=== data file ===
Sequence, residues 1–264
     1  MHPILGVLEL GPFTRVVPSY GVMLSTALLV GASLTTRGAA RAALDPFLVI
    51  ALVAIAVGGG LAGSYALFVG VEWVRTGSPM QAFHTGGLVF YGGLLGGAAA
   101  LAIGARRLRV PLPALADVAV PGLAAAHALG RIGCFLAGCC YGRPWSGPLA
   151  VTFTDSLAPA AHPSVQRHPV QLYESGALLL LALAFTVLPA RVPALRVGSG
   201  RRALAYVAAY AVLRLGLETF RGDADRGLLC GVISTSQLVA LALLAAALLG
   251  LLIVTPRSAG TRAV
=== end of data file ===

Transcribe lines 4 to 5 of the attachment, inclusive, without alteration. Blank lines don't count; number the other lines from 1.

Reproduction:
   101  LAIGARRLRV PLPALADVAV PGLAAAHALG RIGCFLAGCC YGRPWSGPLA
   151  VTFTDSLAPA AHPSVQRHPV QLYESGALLL LALAFTVLPA RVPALRVGSG